Hmong Pioneers: Honoring the First Wave4 min read

(Author by the East Side Freedom Library) Not all pioneers traveled by covered wagons. Some arrived by jet planes. And just like Laura Ingalls Wilder’s Little House on the Prairie family, these modern settlers chose to put down roots in Minnesota.

So who are our state’s recent trailblazers? On Thursday, January 18 at 7 PM, the East Side Freedom Library will screen a documentary, Hmong Pioneers, recounting a people’s odyssey from remote farms in Laos and refugee camps in Thailand to homes in Saint Paul, a world away from the life they’d once known.

The 90-minute movie condenses four decades of the Hmong diaspora. During the Vietnam War, the CIA recruited the Hmong to fight as a Secret Army in Laos against communists. An estimated 30,000 Hmong people died during the 14-year war. When communists gained control of Vietnam and Laos in 1975, many Hmong fled to Thailand, ending up in refugee camps. From those crowded camps, the first wave of Hmong refugees began arriving in the U.S. 42 years ago.

The film details how the Hmong journey spanned more than miles. As Tou Ger Xiong says in the film, “Not only did we cross over an ocean and come halfway around the world, but we crossed over a hundred years in terms of the time, technology, and space.”

MN’s first Hmong refugee, Leng Wong, had worked with CIA in Laos and had strong English skills. Still, he and fellow Hmong needed to adapt to radically different culture, with new customs and frigid temperatures. When Wong arrived in the Twin Cities in winter 1976, he assumed the area’s leafless trees had been destroyed by Agent Orange and that he was in another war zone.

As Wong grew accustomed to Minnesota, he helped fellow refugees find their footing. Using a station wagon he’d gotten with help from his St. Paul church sponsor, Wong drove other Hmong to job interviews. He began working with a social service agency resettling Hmong. In time, the documentary notes that Hmong people established their own mutual aid organizations, including Lao Family, Women’s Association of Hmong and Lao, and the Association for the Advancement of Hmong Women in Minnesota.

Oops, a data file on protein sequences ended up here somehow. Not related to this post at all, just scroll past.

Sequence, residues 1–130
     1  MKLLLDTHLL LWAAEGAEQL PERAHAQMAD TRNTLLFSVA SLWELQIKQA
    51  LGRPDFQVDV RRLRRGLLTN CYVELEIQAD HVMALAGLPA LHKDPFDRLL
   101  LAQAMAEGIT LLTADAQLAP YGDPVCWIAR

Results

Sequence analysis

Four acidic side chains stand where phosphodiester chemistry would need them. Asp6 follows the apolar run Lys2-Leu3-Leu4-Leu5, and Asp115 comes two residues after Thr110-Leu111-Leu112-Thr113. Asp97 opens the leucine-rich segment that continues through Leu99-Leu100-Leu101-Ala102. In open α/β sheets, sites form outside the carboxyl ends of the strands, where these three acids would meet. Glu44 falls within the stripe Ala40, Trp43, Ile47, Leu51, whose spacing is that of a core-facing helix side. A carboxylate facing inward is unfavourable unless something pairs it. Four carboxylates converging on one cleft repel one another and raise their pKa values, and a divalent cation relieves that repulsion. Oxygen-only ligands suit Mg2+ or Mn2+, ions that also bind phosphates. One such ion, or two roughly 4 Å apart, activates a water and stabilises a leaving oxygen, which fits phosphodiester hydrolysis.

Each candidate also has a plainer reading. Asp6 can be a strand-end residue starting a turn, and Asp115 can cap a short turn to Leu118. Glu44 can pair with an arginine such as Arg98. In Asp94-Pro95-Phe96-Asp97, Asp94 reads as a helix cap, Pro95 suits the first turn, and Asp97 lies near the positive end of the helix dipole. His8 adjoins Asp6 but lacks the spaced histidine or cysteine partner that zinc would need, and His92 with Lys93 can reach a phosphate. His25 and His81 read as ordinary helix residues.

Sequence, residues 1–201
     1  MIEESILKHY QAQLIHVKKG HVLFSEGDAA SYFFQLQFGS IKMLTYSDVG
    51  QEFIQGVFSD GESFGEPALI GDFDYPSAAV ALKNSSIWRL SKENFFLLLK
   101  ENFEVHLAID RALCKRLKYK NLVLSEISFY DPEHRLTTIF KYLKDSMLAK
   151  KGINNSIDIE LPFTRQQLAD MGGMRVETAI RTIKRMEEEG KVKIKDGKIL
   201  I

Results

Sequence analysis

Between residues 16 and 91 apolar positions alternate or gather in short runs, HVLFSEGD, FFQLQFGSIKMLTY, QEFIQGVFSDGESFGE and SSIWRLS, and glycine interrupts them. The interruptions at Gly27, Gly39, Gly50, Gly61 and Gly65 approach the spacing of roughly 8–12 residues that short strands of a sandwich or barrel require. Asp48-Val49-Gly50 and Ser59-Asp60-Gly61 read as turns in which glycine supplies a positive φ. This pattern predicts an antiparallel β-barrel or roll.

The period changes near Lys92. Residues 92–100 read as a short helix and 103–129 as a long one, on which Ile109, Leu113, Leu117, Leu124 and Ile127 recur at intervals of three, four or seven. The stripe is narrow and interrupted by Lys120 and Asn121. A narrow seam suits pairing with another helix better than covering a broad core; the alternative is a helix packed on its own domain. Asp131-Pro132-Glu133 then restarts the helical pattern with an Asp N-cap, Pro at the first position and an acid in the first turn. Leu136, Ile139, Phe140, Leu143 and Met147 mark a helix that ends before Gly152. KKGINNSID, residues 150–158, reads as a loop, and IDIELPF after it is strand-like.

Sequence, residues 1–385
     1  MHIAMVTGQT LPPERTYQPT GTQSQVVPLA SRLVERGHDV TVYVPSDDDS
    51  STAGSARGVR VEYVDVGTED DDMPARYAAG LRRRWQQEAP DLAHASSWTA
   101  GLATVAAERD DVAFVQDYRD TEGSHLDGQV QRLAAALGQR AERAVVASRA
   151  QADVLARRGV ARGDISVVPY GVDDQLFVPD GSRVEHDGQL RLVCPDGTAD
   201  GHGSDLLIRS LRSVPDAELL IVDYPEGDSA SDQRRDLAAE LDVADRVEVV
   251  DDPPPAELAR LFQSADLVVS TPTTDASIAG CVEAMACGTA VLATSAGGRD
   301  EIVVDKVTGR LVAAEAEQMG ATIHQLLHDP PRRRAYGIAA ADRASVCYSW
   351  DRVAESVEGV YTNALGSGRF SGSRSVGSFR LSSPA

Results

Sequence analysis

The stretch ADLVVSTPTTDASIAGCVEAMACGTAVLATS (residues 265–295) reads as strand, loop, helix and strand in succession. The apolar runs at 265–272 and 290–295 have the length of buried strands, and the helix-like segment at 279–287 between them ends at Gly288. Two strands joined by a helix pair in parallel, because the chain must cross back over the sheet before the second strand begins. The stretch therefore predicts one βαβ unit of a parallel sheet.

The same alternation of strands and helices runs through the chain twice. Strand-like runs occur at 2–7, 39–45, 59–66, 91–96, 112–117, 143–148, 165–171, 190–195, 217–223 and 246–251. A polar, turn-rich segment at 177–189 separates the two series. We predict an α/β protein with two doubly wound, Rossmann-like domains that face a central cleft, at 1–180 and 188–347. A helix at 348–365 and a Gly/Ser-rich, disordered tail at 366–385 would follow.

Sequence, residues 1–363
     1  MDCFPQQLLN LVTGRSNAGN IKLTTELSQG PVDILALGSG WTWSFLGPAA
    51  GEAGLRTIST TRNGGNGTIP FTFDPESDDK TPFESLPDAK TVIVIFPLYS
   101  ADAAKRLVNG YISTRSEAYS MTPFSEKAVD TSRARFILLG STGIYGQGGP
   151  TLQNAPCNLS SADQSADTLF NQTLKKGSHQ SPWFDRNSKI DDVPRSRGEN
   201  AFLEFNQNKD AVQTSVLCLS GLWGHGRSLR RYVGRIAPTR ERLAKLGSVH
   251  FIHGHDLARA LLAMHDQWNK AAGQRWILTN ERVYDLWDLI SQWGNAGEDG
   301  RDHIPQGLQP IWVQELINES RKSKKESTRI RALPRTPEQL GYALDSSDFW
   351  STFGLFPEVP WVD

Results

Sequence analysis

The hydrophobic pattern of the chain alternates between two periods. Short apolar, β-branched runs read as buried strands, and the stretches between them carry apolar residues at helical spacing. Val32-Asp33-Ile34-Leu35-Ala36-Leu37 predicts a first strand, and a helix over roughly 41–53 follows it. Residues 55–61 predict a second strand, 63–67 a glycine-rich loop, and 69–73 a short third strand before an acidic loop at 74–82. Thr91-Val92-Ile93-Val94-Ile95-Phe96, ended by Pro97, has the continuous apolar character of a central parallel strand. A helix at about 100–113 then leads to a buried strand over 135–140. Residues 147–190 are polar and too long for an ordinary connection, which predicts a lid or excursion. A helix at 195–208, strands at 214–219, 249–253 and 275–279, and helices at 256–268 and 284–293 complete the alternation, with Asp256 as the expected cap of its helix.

The Hmong also received help from federal, state, and local governments. The documentary recounts how Saint Paul officials welcomed Hmong newcomers, who moved into public housing that had been becoming less full. Minnesota’s governor and Saint Paul’s mayor each visited refugee camps encouraging Hmong to settle in Minnesota.

Since then, Saint Paul has evolved into the center of the Hmong universe, as two people in the film note. Saint Paul has more Hmong residents than any other city in America.

So it’s fitting that Hmong Pioneers, a three-year documentary project produced by Saint Paul Neighborhood Network in 2016, will air at East Side Freedom Library, in a neighborhood rich with Hmong people, and in a library that’s home to the Hmong Archives. Almost 20 years old, the Hmong Archives is the world’s broadest collection of Hmong documents and material objects.

ESFL and Hmong Archives board member Dr. Brian Xiong hopes Hmong and non-Hmong people will watch the program. Xiong says those who aren’t Hmong can “get to see who we truly are”and that Hmong can learn more about the sacrifices the first Hmong pioneers made. Xiong’s mother was shot in the leg during a harrowing escape from Laos across the Mekong River. After years in a Thai refugee camp, Xiong and his family arrived in Minnesota when he was 10.

“I do think of myself as a pioneer,” he says, pointing out that he’s the first Hmong to receive a doctorate at Minnesota State University, Mankato, the first Hmong professor there, and now coordinator of the Center for Diversity, Equity and Inclusion at Minnesota State University, Bemidji. Xiong notes that his graduate work focused on Hmong gays and lesbians, a taboo topic in his culture. Like the trailblazers whose stories shine in the documentary, Xiong says the Hmong people have learned about being resilient, crossing time zones and cultures, finding ways to survive and thrive. “We’re not like a stick that breaks easily. We’re bamboo.”

THURSDAY, January 18, 7 PM Hmong Pioneers: Honoring the First Wave at East Side Freedom Library, 1105 Greenbrier Street, Saint Paul, 55106. Free and open to all. A brief discussion will follow the screening. State Senator Foung Hawj and Hmong Pioneer producer David Zierott will be in attendance. 651-230-3294

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Seng Alex Vang

Seng Alex Vang

Seng Alex Vang is a lecturer in the Merritt Writing Program at the University of California, Merced. He is also a lecturer in the Department of Anthropology, Geography & Ethnic studies at California State University, Stanislaus where he teaches courses in Asian American studies.

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